• • •
Yes, his name is Pao. I wasn’t aware in the beginning until I saw someone riding bike waving at us. He waited for us at the last turn into the market at Lat Krabang Road. His place was right behind this market across the Prawet Burirom Canal, about 200 m walking distance from the spot where we stopped. We had to cross over a bridge to get there.
The market reminded me of my childhood days. When I was still a little kid, I like to follow my Mom to the market to shop for foods, snacks and sweets. We would usually go back home with bags of foods, snacks, vegetables, meats or fish which after that my Mom would start to prepare our meal for the day. I realized, it has been a long time I have not been to a traditional market like this. The market was already closed when I reached there.
Pao rode his bike ahead of me, helped me carrying my trolley bag on his back, while I walked slowly pulling my other luggage, looking at the two-storey wooden shophouses along the alley. The neighbourhood looked old but no way I saw any single trash there not even any spiderwebs. Rustic, probably that’s the proper word to use to describe the place that was also known as Hua Takhe Art Market.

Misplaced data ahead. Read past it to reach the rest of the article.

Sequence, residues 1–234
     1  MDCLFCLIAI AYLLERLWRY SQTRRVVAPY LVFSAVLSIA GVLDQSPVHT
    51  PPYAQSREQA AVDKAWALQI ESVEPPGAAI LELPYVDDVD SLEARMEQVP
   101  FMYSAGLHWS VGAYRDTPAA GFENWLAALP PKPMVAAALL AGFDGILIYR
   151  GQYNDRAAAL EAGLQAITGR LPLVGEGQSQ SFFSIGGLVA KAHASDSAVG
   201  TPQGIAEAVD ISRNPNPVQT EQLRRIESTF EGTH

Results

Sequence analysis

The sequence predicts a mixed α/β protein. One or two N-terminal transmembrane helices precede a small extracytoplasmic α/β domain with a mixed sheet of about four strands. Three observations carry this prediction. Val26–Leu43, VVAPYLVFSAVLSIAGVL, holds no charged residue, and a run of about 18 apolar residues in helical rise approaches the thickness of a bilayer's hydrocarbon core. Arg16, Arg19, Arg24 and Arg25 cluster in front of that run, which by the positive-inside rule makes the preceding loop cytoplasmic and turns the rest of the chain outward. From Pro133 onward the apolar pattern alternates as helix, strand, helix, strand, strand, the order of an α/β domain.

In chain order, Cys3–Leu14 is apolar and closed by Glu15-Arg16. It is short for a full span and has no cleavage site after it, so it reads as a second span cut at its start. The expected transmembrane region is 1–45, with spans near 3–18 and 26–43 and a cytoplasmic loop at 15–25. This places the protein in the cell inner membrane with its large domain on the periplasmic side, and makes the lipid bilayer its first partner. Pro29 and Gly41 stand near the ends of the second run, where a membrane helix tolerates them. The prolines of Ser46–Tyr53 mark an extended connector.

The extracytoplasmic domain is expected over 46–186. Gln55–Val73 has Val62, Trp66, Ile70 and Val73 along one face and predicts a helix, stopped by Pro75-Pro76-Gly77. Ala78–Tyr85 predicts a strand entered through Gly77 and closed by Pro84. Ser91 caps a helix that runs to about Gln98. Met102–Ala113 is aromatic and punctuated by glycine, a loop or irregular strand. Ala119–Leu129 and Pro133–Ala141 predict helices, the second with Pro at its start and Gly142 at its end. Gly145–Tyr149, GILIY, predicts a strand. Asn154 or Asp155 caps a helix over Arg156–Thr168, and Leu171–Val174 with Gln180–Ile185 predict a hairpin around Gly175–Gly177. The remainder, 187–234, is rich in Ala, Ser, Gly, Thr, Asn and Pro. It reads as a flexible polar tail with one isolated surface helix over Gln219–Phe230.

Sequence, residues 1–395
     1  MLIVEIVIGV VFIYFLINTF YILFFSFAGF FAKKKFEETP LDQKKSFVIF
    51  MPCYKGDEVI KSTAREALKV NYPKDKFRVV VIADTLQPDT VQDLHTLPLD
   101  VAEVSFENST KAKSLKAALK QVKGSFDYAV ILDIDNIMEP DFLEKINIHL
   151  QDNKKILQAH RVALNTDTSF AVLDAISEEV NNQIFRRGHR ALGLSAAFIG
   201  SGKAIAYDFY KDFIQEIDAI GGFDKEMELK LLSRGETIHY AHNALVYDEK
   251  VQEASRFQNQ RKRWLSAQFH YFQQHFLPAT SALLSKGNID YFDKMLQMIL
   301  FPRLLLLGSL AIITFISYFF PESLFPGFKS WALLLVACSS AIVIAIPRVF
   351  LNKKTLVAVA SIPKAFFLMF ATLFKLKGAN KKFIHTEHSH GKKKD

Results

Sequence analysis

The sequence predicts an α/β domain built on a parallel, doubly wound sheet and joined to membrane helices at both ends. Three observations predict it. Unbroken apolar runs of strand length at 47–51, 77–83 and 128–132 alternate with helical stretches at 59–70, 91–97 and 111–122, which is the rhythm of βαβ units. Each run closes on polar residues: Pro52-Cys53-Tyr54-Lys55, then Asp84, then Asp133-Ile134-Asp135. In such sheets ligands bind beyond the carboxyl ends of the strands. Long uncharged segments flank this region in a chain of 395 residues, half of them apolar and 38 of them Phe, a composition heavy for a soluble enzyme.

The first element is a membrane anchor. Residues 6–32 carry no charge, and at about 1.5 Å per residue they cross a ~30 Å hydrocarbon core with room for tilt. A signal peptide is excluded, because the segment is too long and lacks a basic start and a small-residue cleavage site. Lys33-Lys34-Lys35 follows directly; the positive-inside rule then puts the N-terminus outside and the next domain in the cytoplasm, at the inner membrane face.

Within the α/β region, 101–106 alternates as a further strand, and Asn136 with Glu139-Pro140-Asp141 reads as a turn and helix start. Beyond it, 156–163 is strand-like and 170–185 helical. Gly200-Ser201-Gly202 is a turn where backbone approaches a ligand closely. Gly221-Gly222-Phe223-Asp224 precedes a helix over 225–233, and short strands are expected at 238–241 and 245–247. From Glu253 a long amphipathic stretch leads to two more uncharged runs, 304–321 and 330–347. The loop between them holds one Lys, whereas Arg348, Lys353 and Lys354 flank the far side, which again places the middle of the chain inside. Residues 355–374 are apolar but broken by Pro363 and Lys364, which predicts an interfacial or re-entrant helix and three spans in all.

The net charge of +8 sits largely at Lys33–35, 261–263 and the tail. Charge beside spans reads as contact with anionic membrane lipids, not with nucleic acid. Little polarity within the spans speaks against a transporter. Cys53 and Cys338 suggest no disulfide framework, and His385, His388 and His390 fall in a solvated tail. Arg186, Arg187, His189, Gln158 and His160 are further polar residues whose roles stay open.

Some of the residents, supported by the local fine art schools, make an effort to revive the area by holding an art market on every first weekend of the month. From afar, I saw Pao was standing at the end of that block. He waited for me there and ready to show me to my room. The guest rooms are on the second floor while the ground floor is set up as a cafe.
The guest room was like what I saw on photos, back to basic with all those wooden interior. So, actually the whole place was rebuilt using old woods to give the rustic feel. With the mosquito net hanging on the top and old posters hanging on the wall, seems that I was going back to those good old days where everything was simple and natural.